“If your new exercise routine calls for you to exercise for an hour or more and spend those 60 minutes training as hard and fast as you can, only to then do nothing for the next few days, then chances are your long workouts are doing you more harm as useful.

“Long and difficult workouts can make us extremely hungry and we’re more likely to eat more later in the day.

“Also, they make our bodies extremely tired and need a break, which means we move a lot less in the few days after.

“While you may burn a large number of calories in one long, intense session, you’re much less likely to experience the positive, weight-loss-promoting benefits of more regular exercise if you follow it up for two days without exercise.”

“Opt for shorter workouts – more often, and try to fit more general movements into your day, like walking. E.g. walking or just not sitting for a long time.”

4. You don’t sleep enough

Sarah says: “That’s right, not getting enough rest could delay your weight loss.

“Not getting enough sleep is detrimental to our health and can make it much harder for us to lose weight.

“Fatigue has a tremendously negative impact on the decisions we make by doing things like: increasing our impulse to snack; Increasing our cravings for high-calorie foods, decreasing our motivation for training/exercise, increasing our stress levels (which can decrease our ability to burn fat), affecting our mood (which makes us less likely to make healthy choices).

“Do you want to lose weight? Prioritize your sleep. Try to get in at least seven hours a night, but aim for eight if you can.”

5. You lose muscle

Sarah says: “You probably haven’t considered this, but losing muscle mass can prevent us from losing weight.

“When we have healthy muscles, our bodies expend more energy throughout the day to keep those muscles well nourished and maintained — which uses more calories.

“If we don’t work to maintain our muscle mass, we can lose anywhere from 3 to 8 percent of our muscle per decade as we age.

“It may not sound like much, but the loss of strength and mass in our muscles can keep us from reaching our calorie deficit goals.

“Prevent this decline in muscle mass by incorporating strength training into your exercise regimen.

“Regular resistance training (using weights during exercise) helps keep muscles strong, and researchers found that those who resist regularly lose more body fat than those who don’t.”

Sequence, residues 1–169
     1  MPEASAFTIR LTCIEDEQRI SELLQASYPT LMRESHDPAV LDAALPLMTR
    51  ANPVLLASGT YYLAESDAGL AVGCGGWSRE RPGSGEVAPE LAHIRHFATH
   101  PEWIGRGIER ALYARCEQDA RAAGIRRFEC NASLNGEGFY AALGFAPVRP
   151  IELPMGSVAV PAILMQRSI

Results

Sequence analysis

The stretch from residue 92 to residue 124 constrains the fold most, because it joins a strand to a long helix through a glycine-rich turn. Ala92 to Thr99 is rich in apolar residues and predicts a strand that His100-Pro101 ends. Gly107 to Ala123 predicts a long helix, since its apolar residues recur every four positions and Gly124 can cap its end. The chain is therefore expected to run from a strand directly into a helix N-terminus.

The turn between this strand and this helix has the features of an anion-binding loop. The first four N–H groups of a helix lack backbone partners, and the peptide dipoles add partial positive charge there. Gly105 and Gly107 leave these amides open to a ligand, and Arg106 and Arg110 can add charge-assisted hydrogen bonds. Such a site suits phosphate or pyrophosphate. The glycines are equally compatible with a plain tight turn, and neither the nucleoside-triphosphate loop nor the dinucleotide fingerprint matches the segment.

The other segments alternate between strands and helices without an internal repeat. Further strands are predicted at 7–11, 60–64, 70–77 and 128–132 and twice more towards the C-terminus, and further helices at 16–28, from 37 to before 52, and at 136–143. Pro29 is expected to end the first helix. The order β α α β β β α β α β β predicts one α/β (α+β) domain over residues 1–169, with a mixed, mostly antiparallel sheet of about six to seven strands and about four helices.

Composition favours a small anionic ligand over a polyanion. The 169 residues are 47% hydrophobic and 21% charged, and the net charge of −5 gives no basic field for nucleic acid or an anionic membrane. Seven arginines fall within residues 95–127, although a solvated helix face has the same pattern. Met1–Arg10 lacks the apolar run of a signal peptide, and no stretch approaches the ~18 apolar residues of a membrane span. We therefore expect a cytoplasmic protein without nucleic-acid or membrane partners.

6. You don’t actually know why you’re doing it

Sarah says: “You’re trying to lose weight… why?

“If you can’t answer that question right away, that’s probably why you don’t.

“We’re often bombarded with messages that convince us we need to lose weight, ‘New Year’s weight loss,’ ‘Summer weight loss,’ ‘Down a dress size.’

“We see these messages so often that we tell ourselves we need to lose weight — even though we may not know why.

“Take a moment and ask yourself why and write it down.

“To improve your health? Boost your self-confidence? make it easier for you to play with your children?

“Whatever it is, remember it and use it to motivate you.

“If you don’t have a reason, maybe you should reconsider whether you need to embark on that weight loss journey at all.”

https://www.the-sun.com/health/7435290/nutritionist-surprising-reasons-not-losing-weight/ I’m a nutritionist – here’s the 6 surprising reasons you are not losing weight

Emma James

Emma James is a USTimesPost U.S. News Reporter based in London. His focus is on U.S. politics and the environment. He has covered climate change extensively, as well as healthcare and crime. Emma James joined USTimesPost in 2023 from the Daily Express and previously worked for Chemist and Druggist and the Jewish Chronicle. He is a graduate of Cambridge University. Languages: English. You can get in touch with me by emailing emmajames@ustimespost.com.